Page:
In an age of seemingly endless war and terrorism, it's easy to forget that there are things which for those of us who are fortunate enough to live in a peaceful, Western country are much more likely to kill us.
Suicide is the biggest killer of young men in the UK. Drug overdoses killed 44,000 people in the US last year. But both countries and many more besides have a problem that we don't really talk about. Deaths and injuries caused by vehicles.
1.4 million people across the world die every year in road crashes. This is more than TB, 50 per cent more than malaria. On average, males are nearly three times more likely to be killed than females. It's expected that by 2030, the number of road deaths will rise by 50 per cent – meaning more people will be killed on the road than by HIV/AIDS.
I was going to call them "road accidents" but that doesn't do justice to what I'm talking about here. The word "accident" implies that that there was nothing that could be done to prevent it. But clearly, that's not the case. Drivers who have drunk alcohol before getting behind the wheel. Drivers who use their phones. Even the drivers who knowingly and deliberately drive at speed just for the thrill.
None of these are "accidental." They're all choices made by people who could have taken a different path, but they selfishly opt to endanger the lives of others.
One church leader has had enough. This week, Rev Dale Barton, a vicar in Bradford, spoke out after being first on the scene of a crash which happened last year. A 15-year-old boy died in the incident and Barton says it's time something was done to catch those who flout the law.
"On any given day I will see a car, if not more than one, driving at high speed on the road, sometimes in the daytime. There are four primary schools, and around 5,000 primary school children, in the area, but people are always driving through red lights" he said.
He added that there is a culture – especially of young men – involved in deliberately fast and dangerous driving. "It is mostly boy racers I see driving at dangerous speeds. I have never seen any enforcement. They are doing it because they know they are not going to get caught. We need number plate recognition and some speed traps."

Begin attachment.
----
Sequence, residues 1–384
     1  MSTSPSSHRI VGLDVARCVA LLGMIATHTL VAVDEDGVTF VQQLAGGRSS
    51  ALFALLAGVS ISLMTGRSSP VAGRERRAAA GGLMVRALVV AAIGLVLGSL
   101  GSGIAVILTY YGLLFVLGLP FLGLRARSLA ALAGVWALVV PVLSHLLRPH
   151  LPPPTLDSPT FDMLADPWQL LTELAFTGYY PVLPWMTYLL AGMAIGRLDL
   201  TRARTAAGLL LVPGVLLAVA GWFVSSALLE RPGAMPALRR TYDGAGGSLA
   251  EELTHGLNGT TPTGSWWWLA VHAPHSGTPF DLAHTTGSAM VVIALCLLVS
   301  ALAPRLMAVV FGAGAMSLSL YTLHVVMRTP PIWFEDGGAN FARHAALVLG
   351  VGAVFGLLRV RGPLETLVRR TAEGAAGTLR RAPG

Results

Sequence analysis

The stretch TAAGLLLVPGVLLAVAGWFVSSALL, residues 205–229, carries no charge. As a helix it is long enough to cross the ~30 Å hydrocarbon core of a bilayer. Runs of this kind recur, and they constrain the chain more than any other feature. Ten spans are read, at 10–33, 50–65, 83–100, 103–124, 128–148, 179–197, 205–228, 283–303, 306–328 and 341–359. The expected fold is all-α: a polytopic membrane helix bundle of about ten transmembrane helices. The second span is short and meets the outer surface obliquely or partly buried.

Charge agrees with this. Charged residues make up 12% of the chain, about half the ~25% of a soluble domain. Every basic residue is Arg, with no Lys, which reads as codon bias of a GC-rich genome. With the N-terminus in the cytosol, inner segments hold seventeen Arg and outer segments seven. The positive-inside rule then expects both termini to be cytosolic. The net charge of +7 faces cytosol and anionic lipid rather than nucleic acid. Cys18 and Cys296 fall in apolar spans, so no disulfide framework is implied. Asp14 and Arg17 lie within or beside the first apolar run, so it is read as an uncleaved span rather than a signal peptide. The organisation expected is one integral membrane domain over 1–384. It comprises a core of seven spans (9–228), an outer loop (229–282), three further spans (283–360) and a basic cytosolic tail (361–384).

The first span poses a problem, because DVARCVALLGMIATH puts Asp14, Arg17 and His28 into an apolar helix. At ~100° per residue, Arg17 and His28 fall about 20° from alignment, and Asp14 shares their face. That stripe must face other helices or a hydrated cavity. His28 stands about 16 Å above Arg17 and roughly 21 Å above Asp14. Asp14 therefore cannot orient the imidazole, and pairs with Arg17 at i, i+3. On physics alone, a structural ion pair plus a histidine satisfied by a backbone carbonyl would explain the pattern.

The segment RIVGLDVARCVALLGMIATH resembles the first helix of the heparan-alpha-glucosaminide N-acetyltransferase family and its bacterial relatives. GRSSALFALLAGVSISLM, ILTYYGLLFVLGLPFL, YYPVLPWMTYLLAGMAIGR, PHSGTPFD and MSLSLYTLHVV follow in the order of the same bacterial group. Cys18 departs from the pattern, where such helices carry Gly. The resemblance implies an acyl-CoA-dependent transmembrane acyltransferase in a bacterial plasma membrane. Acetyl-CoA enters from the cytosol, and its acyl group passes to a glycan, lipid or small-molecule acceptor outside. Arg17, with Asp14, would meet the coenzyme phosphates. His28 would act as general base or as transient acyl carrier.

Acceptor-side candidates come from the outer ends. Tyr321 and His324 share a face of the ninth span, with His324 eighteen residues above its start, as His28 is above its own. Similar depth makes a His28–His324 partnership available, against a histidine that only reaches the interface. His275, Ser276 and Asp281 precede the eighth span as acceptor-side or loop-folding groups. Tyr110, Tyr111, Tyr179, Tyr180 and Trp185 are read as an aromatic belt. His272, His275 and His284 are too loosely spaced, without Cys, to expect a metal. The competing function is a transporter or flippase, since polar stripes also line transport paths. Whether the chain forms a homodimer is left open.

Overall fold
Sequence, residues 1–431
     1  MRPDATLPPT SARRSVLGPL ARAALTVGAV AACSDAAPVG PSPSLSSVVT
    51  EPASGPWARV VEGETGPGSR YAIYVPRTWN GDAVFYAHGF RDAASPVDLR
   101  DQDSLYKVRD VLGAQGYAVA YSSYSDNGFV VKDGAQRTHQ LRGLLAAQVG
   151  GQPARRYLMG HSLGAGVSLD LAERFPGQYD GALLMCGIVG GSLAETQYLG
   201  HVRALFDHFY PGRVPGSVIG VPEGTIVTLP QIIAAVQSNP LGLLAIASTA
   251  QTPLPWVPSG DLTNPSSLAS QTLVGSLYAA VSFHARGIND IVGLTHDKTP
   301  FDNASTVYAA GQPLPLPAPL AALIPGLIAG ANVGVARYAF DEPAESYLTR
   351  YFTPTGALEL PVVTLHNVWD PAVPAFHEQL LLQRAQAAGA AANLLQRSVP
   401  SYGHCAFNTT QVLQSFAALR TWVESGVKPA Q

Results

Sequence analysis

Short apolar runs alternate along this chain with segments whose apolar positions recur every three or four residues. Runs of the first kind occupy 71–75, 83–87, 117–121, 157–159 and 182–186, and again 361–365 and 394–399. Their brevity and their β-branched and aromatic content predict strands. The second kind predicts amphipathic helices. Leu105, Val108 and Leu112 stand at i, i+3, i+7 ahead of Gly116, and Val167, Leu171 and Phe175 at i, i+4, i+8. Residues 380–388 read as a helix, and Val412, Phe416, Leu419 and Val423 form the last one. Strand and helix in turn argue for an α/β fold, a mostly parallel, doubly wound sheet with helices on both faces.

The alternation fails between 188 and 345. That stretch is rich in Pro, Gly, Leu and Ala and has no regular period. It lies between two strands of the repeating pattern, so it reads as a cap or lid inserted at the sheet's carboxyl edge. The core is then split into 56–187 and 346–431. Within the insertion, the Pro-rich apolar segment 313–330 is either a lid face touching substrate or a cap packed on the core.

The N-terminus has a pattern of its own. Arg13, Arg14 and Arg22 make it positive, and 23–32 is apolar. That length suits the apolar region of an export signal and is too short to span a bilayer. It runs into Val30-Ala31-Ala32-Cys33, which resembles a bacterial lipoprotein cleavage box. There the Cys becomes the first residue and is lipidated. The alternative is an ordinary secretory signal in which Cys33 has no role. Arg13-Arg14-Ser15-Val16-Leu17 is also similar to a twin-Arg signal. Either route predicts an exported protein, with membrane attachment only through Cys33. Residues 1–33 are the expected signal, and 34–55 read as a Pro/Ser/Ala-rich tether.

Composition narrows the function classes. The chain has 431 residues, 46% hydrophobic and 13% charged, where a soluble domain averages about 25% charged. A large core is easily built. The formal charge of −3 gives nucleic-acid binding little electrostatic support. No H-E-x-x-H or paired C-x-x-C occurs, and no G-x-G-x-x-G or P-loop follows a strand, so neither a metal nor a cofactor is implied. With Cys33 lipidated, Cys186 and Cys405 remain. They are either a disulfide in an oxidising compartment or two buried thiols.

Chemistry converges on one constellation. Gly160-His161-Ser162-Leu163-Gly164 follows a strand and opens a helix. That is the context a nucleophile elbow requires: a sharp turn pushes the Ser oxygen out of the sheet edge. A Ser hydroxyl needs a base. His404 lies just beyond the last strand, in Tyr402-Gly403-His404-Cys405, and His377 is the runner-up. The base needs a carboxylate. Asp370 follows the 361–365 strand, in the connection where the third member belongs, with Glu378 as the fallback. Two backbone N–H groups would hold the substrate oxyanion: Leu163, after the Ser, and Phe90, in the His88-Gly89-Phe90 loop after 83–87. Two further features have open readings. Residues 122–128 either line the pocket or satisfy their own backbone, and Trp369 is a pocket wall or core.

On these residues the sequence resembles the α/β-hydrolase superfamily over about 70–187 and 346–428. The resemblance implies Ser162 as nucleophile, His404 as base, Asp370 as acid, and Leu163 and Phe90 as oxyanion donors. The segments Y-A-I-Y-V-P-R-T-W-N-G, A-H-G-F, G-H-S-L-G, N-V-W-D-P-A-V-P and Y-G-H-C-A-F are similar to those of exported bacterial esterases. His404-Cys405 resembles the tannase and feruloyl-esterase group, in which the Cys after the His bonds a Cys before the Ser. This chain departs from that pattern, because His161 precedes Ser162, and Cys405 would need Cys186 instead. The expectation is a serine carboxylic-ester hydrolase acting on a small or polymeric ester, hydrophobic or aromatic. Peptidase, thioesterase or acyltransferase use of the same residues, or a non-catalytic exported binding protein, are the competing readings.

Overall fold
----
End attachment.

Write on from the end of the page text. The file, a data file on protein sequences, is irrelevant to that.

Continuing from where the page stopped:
Speed cameras and other enforcement measures are clearly part of the solution, but as ever, regulation won't be enough to curb dangerous behaviour. Education needs to be part of the answer. On several occasions I've approached drivers of cars which have been speeding round my neighbourhood. They do so repeatedly – fitting the 'boy racer' model.
When I suggest to them that a child could come out from the pavement at any moment and they would be at risk of being killed, the thought doesn't appear to have occurred to the drivers. Or if it has, they seem willing to take their chances of driving at astonishingly high speeds round residential roads, and if a toddler or elderly person gets in the way, then so be it.
So if education isn't enough, what might tackle irresponsible dangerous driving? It seems to me that many of those who drive like maniacs are compensating for something. Angry young men, often in groups, trying to prove something to the world. That they can be faster (and therefore better? More significant? Loved, even?) Maybe by the time they're careering round the streets endangering the lives of my neighbours, it's far too late. But maybe, if they were made to feel valued and didn't need to prove themselves by turbocharging their engines, we'd have fewer problems.
A car can be a deadly weapon. Over half a ton of metal with a powerful engine attached. What chance does a small child stand, up against a speeding, drunk, texting driver?
Roadpeace is an organisation campaigning for justice for victims, calling for proper punishment for offenders and speaking up for the families of those tens of thousands of people lost every year.
It says, "Our members want to see lessons learned from their loss, to believe that their loved one did not die completely in vain. They want to see others spared their suffering, either by safer roads and fewer victims or by an improved response by the justice system to those deaths and injuries that were not prevented."
That seems like a good goal to share.